Anatomy of an Effective Facebook Post, Part 2
Competition for attention on social media is tough, and got tougher for businesses on Facebook with a new algorithm that shows fewer posts that aren’t ads. Businesses will have to apply new strategies to keep their Facebook pages and posts effective. On the Caster blog, Anatomy of an Effective Facebook Post, Part 1, broke down the key elements for creating Facebook posts for the best possible engagement and conversion. Now, Part 2 focuses on a content strategy that will engage and grow your audience, turning them into leads.
Finding and creating content for social media programs is a challenge for many, especially small, businesses. Creating a plan and scheduling ahead of time can help make it more manageable. The mix of inside versus outside content that you’re using is typically 60/40 or 80/20. When planning your content strategy, you can consider the mix based on your audience, and time you have to create and/or find content.
What’s outside content?
The purpose of outside content is to show thought leadership, spur discussions with your followers, and educate and inform them. Some examples would be industry news and articles from credible sources, or other companies’ blogs. If you’re a home automation integrator, you could share an article from CE Pro that shows why homeowners are interested in home technology, or a recent product that came out that you’re integrating. If you’re a realtor, you could share a report on home buying trends, or tips on how to stage a house, for example. While this doesn’t drive sales directly for you by linking to your products or website, it keeps an open conversation going between you and your followers – who are potential customers – as well as establishes you as a source on the subject. Social media is similar to in-person conversations; how long would you keep talking to someone who only talked about themselves?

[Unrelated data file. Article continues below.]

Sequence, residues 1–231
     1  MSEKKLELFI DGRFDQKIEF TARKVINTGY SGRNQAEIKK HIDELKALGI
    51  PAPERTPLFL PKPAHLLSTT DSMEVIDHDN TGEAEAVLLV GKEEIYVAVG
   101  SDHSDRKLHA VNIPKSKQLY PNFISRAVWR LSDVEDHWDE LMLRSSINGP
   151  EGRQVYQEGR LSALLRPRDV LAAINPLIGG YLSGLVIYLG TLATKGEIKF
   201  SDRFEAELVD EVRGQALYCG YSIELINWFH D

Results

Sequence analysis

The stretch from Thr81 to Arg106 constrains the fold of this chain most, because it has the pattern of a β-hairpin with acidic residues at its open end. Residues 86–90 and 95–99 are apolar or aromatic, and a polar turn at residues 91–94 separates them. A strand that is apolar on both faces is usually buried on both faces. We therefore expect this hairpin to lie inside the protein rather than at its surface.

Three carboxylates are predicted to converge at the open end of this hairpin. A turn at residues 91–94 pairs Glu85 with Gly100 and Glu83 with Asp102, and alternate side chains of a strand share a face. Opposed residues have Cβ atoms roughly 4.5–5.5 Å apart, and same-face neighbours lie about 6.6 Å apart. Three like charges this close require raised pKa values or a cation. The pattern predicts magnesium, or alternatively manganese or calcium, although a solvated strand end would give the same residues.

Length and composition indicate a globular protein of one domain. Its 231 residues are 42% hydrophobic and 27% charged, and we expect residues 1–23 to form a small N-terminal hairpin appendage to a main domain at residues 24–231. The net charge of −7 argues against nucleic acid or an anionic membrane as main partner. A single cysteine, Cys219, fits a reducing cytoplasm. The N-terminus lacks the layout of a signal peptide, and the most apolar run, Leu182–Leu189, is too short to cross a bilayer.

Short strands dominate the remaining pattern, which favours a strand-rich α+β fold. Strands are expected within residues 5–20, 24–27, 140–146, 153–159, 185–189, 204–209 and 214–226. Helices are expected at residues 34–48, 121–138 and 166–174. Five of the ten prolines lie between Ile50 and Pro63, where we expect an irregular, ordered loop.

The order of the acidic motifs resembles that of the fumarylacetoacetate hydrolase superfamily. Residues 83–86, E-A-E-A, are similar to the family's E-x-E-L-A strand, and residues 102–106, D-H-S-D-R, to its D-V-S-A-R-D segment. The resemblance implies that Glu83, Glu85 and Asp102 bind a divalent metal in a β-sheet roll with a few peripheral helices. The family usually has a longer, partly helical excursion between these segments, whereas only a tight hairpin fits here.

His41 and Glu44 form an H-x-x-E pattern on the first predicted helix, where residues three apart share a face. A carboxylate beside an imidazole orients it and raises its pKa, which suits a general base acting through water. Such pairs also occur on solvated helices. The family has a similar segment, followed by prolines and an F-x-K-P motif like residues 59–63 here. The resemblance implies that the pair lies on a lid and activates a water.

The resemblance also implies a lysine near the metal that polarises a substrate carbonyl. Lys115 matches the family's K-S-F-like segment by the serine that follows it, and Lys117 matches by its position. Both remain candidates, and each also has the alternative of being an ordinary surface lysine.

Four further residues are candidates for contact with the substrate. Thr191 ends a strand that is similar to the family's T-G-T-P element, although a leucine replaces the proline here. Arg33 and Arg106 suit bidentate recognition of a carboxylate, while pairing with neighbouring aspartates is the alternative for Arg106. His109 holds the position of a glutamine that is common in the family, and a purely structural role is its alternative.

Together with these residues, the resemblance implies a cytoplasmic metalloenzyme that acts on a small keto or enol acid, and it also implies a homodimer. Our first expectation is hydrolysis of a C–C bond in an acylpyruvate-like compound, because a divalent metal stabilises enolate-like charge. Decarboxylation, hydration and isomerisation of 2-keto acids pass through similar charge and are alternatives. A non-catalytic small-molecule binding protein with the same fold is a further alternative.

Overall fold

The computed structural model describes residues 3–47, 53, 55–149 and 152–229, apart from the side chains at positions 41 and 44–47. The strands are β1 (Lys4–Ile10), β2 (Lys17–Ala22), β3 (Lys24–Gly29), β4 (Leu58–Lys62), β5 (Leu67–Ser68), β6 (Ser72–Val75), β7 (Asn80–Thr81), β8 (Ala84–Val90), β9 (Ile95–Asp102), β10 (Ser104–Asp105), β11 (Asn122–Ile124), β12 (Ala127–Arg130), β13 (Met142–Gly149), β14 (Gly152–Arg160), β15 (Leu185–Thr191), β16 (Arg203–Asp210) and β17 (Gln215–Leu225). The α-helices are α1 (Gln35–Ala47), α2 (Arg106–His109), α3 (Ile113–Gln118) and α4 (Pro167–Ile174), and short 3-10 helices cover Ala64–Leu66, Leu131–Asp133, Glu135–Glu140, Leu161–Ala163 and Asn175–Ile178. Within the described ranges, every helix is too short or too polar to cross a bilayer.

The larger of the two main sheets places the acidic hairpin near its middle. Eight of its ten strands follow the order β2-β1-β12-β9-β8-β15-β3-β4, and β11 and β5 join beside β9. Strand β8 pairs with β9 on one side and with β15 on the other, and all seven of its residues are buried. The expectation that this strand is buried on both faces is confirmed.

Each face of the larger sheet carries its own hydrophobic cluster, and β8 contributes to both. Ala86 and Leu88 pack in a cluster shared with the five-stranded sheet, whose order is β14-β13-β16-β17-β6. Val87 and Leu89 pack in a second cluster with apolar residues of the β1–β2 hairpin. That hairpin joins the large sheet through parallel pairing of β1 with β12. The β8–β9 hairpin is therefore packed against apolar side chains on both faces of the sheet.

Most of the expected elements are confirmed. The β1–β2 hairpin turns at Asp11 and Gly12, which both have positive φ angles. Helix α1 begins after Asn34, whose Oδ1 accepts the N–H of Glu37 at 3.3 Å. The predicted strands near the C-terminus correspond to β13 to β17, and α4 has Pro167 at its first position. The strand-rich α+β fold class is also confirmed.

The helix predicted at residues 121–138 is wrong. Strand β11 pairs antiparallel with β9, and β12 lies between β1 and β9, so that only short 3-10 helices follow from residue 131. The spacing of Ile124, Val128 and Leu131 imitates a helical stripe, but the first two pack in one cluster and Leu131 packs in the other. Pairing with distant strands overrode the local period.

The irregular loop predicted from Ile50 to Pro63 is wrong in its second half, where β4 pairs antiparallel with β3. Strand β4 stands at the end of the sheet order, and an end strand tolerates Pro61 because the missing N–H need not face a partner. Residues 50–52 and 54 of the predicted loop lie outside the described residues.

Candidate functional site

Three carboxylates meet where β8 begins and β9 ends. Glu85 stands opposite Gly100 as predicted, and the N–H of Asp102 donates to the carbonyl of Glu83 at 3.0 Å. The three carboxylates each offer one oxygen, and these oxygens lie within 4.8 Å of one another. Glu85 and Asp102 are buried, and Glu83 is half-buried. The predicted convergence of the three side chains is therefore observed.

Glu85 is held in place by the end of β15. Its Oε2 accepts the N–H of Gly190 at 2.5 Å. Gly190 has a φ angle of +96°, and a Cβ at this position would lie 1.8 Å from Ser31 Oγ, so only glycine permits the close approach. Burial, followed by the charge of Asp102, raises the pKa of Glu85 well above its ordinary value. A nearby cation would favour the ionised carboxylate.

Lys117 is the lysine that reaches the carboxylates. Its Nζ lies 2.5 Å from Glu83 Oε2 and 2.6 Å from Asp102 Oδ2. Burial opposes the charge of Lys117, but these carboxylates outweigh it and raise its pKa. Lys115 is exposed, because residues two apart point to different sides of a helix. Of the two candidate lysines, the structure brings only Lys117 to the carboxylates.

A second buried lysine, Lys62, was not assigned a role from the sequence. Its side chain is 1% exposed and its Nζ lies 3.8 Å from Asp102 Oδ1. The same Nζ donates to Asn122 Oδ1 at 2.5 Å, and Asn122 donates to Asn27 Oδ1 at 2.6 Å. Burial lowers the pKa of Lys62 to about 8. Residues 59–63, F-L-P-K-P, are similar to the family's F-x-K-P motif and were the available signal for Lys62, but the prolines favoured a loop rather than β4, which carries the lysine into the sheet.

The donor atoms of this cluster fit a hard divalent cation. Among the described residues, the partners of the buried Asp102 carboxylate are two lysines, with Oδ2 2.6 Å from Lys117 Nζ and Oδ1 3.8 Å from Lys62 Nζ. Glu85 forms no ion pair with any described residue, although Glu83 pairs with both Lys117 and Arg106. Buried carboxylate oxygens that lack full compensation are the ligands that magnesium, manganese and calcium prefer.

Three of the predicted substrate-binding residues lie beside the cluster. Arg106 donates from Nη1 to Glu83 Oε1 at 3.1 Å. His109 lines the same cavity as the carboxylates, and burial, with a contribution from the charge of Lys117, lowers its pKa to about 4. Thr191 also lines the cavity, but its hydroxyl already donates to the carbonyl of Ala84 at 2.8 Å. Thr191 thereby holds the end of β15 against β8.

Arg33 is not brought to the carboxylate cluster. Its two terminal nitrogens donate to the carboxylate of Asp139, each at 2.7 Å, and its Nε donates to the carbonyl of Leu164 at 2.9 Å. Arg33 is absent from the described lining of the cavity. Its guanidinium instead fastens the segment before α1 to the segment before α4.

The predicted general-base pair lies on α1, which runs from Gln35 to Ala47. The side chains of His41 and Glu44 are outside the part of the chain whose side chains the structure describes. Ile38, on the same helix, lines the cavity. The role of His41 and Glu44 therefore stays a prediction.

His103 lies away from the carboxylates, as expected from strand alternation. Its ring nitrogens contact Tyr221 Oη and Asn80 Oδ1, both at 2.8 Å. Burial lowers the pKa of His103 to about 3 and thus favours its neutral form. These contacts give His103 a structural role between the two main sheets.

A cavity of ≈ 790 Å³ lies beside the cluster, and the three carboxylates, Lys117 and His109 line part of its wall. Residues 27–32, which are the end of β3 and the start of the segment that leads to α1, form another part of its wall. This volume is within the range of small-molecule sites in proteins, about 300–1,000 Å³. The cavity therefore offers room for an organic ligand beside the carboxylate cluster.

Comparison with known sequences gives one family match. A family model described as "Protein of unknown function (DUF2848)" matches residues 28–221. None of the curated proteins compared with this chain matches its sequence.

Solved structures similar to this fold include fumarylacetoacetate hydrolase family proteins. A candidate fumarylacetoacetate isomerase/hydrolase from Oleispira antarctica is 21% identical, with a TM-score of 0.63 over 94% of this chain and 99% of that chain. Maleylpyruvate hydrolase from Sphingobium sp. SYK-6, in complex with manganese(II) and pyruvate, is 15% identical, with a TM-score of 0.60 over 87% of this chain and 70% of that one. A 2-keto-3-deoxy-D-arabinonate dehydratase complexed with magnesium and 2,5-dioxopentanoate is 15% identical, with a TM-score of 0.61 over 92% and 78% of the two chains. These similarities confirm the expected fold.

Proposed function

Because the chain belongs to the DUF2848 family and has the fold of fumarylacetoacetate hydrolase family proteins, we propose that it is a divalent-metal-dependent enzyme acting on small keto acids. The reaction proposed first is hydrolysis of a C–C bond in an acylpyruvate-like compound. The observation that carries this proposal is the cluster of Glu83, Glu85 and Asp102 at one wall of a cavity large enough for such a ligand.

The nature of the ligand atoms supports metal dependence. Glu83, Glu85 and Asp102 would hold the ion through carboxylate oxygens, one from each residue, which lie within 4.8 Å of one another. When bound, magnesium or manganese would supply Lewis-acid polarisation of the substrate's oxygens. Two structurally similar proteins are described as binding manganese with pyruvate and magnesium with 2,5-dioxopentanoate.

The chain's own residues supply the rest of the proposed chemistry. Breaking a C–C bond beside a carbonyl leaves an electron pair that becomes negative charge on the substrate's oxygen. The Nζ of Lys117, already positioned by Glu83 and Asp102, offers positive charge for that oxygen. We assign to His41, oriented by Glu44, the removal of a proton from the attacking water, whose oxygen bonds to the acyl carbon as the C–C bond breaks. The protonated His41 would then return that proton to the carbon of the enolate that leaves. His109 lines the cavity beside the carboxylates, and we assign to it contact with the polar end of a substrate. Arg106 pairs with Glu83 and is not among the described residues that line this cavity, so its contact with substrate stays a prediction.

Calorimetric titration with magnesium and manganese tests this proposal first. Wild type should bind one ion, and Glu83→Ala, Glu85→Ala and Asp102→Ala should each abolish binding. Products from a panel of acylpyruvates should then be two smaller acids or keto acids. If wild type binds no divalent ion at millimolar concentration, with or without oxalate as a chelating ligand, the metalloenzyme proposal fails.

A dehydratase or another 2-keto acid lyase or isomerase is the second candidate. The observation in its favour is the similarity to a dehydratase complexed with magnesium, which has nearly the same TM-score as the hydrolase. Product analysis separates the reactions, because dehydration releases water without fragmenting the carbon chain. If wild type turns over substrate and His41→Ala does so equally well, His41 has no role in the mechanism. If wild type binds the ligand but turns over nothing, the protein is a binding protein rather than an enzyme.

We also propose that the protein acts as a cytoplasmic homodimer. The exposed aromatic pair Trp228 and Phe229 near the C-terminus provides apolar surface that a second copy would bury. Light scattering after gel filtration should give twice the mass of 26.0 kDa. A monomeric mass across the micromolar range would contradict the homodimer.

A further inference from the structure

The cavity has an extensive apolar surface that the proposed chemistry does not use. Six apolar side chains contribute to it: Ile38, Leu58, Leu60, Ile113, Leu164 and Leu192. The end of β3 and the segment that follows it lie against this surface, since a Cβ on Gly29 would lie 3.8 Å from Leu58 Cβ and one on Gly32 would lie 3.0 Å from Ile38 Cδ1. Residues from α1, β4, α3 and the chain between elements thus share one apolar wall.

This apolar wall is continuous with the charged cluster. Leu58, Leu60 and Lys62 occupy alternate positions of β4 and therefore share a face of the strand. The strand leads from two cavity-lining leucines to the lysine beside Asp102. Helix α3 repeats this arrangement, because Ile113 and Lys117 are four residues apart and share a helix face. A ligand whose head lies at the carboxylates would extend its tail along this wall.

What’s inside content?
This would be anything about you and your company: press releases, media coverage, photos and videos of your company and work, your website, your blog, etc. While most of this does have to be created by you, it can be recycled and re-purposed; in fact, a blog post should be shared more than once. This content could be easier to generate than you think, but be careful. Especially with the new Facebook algorithm, be wary of using language that’s too promotional. If it sounds like an ad, then it should be an ad. You can share your events or sales, invite people to take a look at recent projects you’ve completed with photos, or share a photo of what’s going on on-site or in the office. The purpose of this content is to differentiate yourself against your competition; showcase your team and what’s unique about your business. This can be like a personal connection, where customers see you as a friendly team, and not just a faceless logo speaking for a company.
The Content Mix
To successfully capture and keep your followers attention on Facebook, mix up posting these different types of content throughout the week. You can decide to post 40 percent of outside content, and 60 percent of inside content, or an 80:20 ratio. You can try posts for a month and see what performs better, and maybe at what times of day as well, and shift your strategy based on what’s working for your audience. Over time, keeping your audience engaged, and engaging with them in comments as well, will build the social relationship and can even help you land new business relationships.